Additionally, Machiavelli seems to ignore the fact that different styles of ruling vary in efficacy depending on the political context. A glaring example of this nuance is peacetime vs wartime. During times of war, perhaps the most effective leader is one who is ruthless, pragmatic, and unafraid to be threatening or devious in order to keep their nation together and achieve military victory. Such a leader sounds like they may well be feared by some. In times of peace and prosperity, however, an effective ruler is likely one who can foster unity among a population, inspire others and command respect. Therefore, when analysing Machiavelli’s arguments, we should understand that his conclusions apply within the political context that he wrote in.
It is also important to note that in today’s day and age, politics is not the only context where Machiavelli’s arguments are relevant. Globalisation and economic development have occurred to an extent where mega-corporations are now equally as, if not more important as governments. Therefore, CEOs of the biggest companies today, especially tech companies such as Google, Facebook, Amazon and Tesla/SpaceX, face the exact same choice of leadership by love or fear as politicians in the 15th and 16th centuries like Cesare Borgia and the Medici. I think the debate crosses over quite symmetrically from politics to business, and in the same way that politicians should not seek to be feared by their people, business leaders should seek to be loved and respected by their employees. A toxic culture of fear in corporations would stifle innovation and development, as workers would be hesitant to question the ideas of their seniors. Additionally, a workplace culture of fear would be a hostile one to work in – this would result in excessive turnover rates, as workers grow increasingly uncomfortable, resulting in a loss of highly skilled and knowledgeable workers. Furthermore, this could even result in outcomes such as increased propensity among employees to go on strike, and whistleblowing by employees about such poor conditions to the media. Therefore, corporate leaders should also not try to be feared, but instead seek respect and love.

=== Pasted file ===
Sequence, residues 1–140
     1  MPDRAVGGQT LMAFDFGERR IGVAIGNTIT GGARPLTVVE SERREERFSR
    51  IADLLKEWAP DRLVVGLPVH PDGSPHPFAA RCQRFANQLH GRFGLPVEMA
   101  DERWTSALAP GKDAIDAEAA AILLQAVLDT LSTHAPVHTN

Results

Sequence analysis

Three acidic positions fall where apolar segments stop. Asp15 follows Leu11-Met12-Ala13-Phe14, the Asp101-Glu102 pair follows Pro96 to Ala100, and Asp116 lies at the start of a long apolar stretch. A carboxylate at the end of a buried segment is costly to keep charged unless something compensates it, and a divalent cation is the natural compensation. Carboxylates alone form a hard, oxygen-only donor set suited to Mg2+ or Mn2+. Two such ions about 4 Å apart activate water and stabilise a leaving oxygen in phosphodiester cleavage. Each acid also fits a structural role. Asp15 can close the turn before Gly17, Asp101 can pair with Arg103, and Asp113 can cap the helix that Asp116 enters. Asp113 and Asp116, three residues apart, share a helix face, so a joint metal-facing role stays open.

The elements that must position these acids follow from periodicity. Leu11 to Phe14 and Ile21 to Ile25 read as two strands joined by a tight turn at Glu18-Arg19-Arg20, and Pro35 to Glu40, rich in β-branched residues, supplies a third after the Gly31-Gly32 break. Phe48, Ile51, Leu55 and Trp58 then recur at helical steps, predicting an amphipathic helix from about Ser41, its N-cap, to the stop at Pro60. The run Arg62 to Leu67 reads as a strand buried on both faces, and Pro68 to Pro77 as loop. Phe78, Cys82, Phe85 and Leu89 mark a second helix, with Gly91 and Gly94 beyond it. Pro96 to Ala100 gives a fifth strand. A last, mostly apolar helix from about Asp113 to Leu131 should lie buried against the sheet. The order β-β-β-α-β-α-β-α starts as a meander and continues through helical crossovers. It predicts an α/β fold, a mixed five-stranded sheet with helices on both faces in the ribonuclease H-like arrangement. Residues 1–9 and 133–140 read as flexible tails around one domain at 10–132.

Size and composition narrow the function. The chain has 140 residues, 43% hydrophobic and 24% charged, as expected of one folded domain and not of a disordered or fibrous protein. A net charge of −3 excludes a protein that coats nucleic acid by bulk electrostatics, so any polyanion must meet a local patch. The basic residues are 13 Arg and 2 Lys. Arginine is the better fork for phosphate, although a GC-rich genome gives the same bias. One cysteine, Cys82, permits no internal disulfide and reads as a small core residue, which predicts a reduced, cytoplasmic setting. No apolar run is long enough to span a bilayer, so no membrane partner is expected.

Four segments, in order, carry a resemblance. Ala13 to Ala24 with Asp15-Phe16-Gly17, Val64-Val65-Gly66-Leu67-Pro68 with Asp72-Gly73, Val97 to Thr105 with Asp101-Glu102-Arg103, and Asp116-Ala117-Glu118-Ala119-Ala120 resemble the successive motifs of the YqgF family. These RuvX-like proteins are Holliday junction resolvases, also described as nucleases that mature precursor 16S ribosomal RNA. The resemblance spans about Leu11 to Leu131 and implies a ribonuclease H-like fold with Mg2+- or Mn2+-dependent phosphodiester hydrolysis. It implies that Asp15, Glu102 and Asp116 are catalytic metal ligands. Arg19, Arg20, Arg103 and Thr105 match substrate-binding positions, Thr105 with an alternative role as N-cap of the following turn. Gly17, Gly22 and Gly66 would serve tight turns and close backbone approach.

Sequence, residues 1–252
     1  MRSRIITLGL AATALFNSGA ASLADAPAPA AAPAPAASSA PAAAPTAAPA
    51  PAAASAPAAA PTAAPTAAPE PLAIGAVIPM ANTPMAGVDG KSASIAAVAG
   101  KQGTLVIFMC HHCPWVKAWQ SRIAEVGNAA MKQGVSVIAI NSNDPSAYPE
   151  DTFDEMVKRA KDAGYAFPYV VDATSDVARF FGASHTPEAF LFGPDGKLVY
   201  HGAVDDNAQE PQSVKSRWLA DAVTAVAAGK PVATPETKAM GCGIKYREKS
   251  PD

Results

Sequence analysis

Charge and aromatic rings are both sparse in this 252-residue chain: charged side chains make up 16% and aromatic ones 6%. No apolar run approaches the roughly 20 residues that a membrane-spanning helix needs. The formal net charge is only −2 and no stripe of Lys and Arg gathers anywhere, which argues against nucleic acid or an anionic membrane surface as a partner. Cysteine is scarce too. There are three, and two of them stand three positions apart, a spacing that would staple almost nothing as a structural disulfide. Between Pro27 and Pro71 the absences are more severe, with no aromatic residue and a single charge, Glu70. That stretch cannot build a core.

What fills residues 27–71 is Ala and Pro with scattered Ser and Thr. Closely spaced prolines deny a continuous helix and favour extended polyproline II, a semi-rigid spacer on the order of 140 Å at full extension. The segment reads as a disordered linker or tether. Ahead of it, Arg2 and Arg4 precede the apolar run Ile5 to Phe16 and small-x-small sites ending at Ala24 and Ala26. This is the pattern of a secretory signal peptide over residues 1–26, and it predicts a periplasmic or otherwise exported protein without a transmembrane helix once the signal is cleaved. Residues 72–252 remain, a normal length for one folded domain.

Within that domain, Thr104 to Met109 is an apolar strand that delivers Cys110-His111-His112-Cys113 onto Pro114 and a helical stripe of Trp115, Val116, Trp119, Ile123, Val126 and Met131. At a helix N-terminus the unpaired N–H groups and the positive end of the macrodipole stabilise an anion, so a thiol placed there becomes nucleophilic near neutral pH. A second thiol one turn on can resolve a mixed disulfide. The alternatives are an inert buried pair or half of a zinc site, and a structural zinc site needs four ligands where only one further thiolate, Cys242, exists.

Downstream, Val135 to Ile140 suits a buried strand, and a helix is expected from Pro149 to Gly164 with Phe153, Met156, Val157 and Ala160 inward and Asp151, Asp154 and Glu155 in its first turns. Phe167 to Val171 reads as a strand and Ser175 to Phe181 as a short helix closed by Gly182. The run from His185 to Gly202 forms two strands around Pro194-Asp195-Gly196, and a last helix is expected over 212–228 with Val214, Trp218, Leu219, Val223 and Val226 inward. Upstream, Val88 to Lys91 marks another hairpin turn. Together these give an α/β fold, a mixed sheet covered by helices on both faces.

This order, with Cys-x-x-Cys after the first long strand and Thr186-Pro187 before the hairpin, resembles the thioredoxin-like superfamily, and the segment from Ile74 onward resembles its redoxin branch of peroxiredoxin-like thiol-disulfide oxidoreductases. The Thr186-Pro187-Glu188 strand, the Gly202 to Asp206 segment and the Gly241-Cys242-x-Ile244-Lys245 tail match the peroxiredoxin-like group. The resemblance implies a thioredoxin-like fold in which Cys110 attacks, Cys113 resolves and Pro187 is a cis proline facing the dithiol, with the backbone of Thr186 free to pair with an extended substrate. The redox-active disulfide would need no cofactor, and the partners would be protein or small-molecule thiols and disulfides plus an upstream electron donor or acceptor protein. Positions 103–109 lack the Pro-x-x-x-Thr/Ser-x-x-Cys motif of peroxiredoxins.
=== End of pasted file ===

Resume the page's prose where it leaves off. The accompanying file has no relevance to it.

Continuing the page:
In conclusion, Machiavelli was not entirely right that it is better for a ruler to be feared than loved. Rulers should instead try to be loved by their people but feared by their political rivals – this helps them to avoid popular uprisings, while also avoiding coups from their rivals. While love and fear are important tools for a ruler to utilise at various stages, rulers must also look to gain respect among their people that they will carry out their office effectively. It is also important to recognise that Machiavelli’s arguments are limited in scope due to the historical context in which they were written – e.g. his arguments do not particularly apply to democracies or varying political contexts. Perhaps most crucial in analysing Machiavelli’s arguments today are their implications for corporate leaders. In an age where many corporations are reaching, if not exceeding, the power of many governments, it is vital that CEOs constantly have their leadership style in mind, and avoid creating a toxic culture of fear in their workplace.